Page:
My daughter is 18 today.
She was my first baby – my first experience feeling totally unprepared and incompetent. My husband and I were young – 23 and 21 – and it was trial by fire.
Her first week at home was spent wrapped in a glowing blanket to ward off jaundice. She lost the yellow but then gained 10 weeks of colic. We walked her; we swung her; we rocked her. We did it together.
As she got older, we – like all new parents, I suppose – were certain she was a prodigy. She said her first word at 6 months, could entertain us with a litany of animal sounds at 12 months and spent hours at a time engrossed in books at 18 months.
Sweet and smart as she was, there was then the demanding stage and the sneaky stage and the destructive stage. There was diagnosis after diagnosis until Asperger’s was the one that stuck. We walked that road together, my husband and I.
And then he was gone.
Two days after her 8th grade graduation, he left us. She came home from the ceremony and showed him her parting gift and other goodies. He stared at her graduation certificate. I wish I knew what he was thinking. Was he proud? Was he sad? Was he so oxygen-deprived at that point that he was neither? I don’t know, but then he was gone.
The transition to high school was horrendous. Wrapped in grief and overwhelmed by the newness of it all, we plodded through the school year. I sent emails. I made calls. I spent hours in the car taking her to school and counselors and doctors. I did it alone.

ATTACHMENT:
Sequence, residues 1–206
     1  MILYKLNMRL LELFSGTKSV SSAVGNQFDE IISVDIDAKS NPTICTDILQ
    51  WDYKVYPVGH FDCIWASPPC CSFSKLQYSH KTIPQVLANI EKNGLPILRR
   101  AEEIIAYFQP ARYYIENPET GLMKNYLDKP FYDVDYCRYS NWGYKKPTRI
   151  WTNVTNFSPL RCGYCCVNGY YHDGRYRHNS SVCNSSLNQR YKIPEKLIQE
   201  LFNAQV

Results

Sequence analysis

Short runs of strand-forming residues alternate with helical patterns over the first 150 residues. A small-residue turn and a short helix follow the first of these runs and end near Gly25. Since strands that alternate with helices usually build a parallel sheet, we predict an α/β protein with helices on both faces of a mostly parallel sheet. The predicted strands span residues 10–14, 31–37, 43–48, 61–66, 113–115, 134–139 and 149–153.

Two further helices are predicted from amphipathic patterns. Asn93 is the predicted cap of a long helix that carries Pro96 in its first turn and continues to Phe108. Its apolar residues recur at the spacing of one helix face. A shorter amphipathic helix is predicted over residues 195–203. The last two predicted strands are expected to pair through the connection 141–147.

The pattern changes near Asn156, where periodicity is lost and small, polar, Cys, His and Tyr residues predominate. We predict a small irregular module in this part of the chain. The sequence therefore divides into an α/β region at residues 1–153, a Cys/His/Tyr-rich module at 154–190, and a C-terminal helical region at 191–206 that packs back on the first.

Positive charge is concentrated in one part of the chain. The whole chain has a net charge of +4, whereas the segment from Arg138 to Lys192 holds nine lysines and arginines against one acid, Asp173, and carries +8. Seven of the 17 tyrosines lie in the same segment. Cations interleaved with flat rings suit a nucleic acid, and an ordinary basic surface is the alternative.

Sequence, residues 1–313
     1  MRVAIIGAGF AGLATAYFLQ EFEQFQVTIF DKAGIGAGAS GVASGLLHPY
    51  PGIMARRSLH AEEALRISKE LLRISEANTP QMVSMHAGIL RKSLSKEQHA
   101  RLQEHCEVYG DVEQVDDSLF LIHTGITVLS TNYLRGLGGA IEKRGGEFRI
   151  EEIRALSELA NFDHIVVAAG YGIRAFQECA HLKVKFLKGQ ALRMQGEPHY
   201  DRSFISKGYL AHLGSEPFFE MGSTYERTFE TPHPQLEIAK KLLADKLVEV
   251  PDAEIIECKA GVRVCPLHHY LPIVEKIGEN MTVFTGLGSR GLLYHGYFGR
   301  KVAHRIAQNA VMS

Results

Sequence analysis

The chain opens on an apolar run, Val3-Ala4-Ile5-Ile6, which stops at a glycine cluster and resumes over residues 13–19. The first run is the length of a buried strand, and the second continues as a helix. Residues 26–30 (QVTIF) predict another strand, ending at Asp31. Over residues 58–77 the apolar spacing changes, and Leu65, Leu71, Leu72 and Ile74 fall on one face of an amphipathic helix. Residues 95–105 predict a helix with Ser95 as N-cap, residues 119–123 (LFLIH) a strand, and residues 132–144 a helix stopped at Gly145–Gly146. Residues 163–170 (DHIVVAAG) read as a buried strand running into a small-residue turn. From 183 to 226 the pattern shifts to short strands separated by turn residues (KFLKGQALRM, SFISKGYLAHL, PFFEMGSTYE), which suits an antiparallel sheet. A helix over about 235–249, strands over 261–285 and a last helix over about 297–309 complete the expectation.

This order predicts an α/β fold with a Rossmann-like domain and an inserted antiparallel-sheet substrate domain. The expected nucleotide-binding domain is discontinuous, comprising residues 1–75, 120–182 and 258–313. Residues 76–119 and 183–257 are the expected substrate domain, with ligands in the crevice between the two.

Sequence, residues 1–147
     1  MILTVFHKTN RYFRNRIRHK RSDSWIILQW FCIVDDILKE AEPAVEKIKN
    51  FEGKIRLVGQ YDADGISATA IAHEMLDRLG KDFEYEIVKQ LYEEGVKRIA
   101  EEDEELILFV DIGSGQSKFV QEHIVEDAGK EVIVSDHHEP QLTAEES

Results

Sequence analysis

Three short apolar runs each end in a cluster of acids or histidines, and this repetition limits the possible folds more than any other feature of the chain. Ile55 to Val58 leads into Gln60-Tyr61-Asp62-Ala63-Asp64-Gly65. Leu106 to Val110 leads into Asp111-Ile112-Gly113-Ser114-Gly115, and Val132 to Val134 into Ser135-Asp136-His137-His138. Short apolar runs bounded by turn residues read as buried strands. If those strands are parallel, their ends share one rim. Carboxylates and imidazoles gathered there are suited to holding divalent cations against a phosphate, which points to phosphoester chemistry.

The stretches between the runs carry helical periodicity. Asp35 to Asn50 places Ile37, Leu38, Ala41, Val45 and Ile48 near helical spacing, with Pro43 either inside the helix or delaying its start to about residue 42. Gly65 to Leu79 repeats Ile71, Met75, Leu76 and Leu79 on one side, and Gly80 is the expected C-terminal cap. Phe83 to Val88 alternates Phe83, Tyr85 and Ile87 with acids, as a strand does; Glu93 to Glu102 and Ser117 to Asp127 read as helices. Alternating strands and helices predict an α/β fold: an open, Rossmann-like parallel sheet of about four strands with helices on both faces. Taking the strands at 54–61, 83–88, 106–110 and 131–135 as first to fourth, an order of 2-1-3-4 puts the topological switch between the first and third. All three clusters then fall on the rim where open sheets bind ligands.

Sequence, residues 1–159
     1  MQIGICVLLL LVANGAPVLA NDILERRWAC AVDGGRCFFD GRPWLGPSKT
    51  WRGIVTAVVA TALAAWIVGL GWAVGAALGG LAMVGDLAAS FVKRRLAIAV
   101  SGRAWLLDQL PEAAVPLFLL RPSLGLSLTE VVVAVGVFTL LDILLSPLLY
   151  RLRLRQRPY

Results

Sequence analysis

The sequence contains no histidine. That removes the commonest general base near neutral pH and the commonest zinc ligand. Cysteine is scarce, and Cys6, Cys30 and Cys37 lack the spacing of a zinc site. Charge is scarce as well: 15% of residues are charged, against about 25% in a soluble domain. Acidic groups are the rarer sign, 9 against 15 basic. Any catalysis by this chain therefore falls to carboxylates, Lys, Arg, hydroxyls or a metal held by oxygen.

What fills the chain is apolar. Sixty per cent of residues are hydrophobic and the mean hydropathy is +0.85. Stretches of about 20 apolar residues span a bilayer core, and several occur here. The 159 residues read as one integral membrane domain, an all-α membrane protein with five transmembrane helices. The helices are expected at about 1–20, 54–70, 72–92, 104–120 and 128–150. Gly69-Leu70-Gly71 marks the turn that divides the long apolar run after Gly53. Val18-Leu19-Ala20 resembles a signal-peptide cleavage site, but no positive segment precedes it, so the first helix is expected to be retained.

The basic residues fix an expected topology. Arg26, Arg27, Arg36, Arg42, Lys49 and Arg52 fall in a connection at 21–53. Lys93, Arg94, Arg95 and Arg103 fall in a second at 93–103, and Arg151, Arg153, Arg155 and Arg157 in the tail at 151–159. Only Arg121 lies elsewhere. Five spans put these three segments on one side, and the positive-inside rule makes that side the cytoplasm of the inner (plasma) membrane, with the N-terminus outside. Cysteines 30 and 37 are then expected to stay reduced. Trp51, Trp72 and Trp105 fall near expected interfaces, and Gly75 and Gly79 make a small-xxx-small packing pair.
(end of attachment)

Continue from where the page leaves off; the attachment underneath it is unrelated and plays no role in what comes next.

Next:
And then, a beautiful thing happened. My daughter bloomed into a confident, articulate person who has seemingly found her place in the world. She has hit so many amazing milestones in the past few years. She has grown so much. And I feel like no one is here to witness it but me.
My daughter is 18 today, and I am struggling with that. Not because she’s so old or I’m so old.
I’m struggling because there is no one here to turn to and high-five and say, ‘we did it.’ There is no one else who is invested in her the way I am.
I have fabulous friends. I could text them. I could email them. I have no doubt they would warmly respond. I have no doubt they would share in the joy of her accomplishments. But no one would feel it the way I do…the way her father would.
After nearly 4 years, the truth is this still hurts like hell.
The loss, the emptiness….it’s a space I can’t seem to fill. It still floors me that after all this time, the grief can take my breath away. That it can feel like someone has sucked all the air out of my lungs and placed bricks on my chest.
My daughter is 18 today, and all I feel is alone.